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Israeli agriculture minister: I stormed al-Aqsa with PM's consent Open in fullscreen

Nidal Mohammad Watad

Israeli agriculture minister: I stormed al-Aqsa with PM's consent

Israeli Agriculture Minister Ariel intends to visit the al-Aqsa Mosque compound again [Anadolu]

Date of publication: 23 October, 2015

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The Israeli agriculture minister has revealed that he had the prior consent of Prime Minister Binyamin Netanyahu for his incursions into al-Aqsa Mosque, promising more.
The Israeli agriculture minister has revealed that he had the prior consent of Prime Minister Binyamin Netanyahu and Minister of Internal Security Gilad Ardenne before storming al-Aqsa Mosque on the eve of the Muslim holiday of Eid al-Adha - and in all previous occasions.

Uri Ariel told the nationalist Israeli newspaper, Makor Rishon, that he intended to visit al-Aqsa repeatedly to allow more members of right-wing messianic nationalist Jewish movements to enter the al-Aqsa compound, known as al-Haram al-Sharif.

He had "recently refrained from taking this step at the recommendations of security authorities", he added.

Ariel also revealed that he sent an official letter to Netanyahu before the prime minister travelled to Berlin to meet German Chancellor Angela Merkel and US Secretary of State John Kerry, telling him that he would not accept any concessions from the Israeli authorities remaining in control of who enters or leaves the al-Aqsa compound.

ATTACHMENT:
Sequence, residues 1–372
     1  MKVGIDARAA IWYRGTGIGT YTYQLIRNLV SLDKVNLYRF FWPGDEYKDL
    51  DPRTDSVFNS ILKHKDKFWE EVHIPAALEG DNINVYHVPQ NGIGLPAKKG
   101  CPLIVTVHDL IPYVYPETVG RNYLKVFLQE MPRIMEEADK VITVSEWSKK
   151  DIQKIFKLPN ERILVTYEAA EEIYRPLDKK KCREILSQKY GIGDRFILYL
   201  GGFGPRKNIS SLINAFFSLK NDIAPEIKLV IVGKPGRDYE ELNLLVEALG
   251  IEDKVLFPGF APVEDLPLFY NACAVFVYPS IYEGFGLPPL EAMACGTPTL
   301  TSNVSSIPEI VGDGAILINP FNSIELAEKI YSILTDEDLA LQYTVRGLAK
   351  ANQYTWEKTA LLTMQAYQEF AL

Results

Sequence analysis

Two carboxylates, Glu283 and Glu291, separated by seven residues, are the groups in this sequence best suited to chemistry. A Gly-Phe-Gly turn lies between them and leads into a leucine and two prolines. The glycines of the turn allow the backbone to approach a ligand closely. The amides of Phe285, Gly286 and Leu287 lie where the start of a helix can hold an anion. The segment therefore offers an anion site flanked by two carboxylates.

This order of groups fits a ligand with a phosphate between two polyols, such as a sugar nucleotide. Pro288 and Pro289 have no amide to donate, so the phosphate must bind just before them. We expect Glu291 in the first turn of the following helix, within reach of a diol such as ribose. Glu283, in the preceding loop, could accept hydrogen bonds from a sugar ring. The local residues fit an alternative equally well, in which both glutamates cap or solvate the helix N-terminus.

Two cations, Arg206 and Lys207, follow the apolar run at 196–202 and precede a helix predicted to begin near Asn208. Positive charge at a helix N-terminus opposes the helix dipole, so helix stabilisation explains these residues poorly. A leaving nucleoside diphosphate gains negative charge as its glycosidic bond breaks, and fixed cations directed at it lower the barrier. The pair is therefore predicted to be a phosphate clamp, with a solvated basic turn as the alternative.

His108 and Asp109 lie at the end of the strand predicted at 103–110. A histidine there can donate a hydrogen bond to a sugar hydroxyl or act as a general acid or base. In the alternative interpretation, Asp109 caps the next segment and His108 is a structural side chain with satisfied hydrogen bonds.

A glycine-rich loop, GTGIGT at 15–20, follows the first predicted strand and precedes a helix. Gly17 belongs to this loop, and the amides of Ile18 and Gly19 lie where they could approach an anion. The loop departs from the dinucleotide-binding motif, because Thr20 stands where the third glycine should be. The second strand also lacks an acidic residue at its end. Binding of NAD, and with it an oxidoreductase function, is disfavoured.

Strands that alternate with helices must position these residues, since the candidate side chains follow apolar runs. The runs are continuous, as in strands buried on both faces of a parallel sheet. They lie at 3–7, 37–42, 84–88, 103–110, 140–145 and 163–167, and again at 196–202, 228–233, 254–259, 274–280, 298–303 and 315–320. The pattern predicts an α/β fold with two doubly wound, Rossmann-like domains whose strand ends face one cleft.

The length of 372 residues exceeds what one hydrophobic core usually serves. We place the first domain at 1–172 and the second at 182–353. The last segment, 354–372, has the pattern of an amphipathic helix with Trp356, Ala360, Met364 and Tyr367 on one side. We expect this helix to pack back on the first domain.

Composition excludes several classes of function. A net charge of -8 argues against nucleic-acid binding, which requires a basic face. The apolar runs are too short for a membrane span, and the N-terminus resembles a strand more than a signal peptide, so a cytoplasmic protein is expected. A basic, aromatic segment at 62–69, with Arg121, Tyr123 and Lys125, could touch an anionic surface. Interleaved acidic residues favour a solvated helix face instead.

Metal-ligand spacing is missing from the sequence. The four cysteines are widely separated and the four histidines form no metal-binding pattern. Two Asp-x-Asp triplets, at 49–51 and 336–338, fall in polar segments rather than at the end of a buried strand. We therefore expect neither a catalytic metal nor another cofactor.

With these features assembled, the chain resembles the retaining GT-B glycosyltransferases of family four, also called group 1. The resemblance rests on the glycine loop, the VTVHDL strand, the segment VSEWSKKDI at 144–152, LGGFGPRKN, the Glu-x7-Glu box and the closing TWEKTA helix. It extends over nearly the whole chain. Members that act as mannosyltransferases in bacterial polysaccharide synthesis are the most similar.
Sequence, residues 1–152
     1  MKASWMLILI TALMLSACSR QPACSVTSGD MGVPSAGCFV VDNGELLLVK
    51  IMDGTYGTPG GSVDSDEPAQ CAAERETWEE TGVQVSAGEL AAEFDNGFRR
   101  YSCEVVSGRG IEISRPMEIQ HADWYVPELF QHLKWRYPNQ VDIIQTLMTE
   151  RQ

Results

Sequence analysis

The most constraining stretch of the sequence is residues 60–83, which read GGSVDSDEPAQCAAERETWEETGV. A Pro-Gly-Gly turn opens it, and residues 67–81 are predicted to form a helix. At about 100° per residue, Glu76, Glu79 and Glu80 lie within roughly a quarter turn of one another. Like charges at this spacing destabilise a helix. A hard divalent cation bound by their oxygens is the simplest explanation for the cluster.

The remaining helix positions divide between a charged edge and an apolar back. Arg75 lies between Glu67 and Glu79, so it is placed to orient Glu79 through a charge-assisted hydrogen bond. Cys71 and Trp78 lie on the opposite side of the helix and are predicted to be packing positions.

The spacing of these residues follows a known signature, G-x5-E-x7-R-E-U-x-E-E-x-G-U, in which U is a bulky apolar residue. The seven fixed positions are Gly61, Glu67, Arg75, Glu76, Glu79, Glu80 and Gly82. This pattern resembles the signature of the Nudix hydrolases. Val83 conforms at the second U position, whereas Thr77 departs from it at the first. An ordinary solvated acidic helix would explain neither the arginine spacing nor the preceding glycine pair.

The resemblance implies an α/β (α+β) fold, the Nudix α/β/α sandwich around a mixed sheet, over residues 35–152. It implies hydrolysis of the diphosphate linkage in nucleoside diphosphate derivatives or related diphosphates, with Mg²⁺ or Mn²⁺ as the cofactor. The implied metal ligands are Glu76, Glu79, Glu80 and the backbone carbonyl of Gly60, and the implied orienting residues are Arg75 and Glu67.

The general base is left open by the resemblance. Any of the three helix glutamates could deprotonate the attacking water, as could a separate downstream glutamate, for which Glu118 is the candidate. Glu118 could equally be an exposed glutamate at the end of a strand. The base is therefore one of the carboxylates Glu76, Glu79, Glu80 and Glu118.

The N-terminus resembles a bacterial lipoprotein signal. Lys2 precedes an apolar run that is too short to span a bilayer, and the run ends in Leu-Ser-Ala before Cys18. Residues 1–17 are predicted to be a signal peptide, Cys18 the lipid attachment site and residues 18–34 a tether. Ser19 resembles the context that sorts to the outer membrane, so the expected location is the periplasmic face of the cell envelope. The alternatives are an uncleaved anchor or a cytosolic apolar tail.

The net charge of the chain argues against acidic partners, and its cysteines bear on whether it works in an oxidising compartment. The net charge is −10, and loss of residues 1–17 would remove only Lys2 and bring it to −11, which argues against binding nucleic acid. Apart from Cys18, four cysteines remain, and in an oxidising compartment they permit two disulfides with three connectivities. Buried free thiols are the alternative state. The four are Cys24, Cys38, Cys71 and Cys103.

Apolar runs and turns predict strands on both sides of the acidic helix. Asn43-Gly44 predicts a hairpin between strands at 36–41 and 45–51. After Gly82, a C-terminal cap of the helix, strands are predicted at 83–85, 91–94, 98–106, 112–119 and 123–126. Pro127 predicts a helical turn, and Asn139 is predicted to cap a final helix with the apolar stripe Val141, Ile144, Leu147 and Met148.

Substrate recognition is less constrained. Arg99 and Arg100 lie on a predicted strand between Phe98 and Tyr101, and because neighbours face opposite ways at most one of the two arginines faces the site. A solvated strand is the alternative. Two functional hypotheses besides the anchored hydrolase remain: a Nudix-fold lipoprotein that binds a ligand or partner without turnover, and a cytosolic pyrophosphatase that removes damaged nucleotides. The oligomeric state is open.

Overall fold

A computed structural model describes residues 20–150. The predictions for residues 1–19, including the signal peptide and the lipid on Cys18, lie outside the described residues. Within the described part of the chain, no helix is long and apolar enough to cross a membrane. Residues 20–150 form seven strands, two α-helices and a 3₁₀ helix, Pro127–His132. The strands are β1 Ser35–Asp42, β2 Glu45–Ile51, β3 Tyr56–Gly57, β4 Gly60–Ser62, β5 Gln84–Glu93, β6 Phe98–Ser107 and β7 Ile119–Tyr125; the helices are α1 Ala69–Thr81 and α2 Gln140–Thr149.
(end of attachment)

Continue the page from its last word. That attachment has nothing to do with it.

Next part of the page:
Ariel threatened to resign if Netanyahu were to accept proposals to return the holy site to Jordanian administration, under the guardianship of the Jordanian Islamic Endowments.
     
     
Even though Netanyahu rejected the Jordanian proposal, the Israeli right-wing parties continue to exert pressure on him, hinting that they would jeopardise the coalition government.

This has prompted the Jordanian monarch, King Abdullah II, to refuse a bilateral meeting with the Israeli prime minister.

Netanyahu on Thursday said that he was contacting Arab leaders to calm the situation in the occupied Palestinian territories and put an end to the violence.

Haaretz reported that the Israeli army expects the violence to continue and the security situation to deteriorate in the absence of any new political initiative.

Major General Nitzan Alon, the former head of Israel's Central Command, said in September that Jewish "price tag" terrorists were contributing to the security instability in the West Bank - and their impact could not be ignored.

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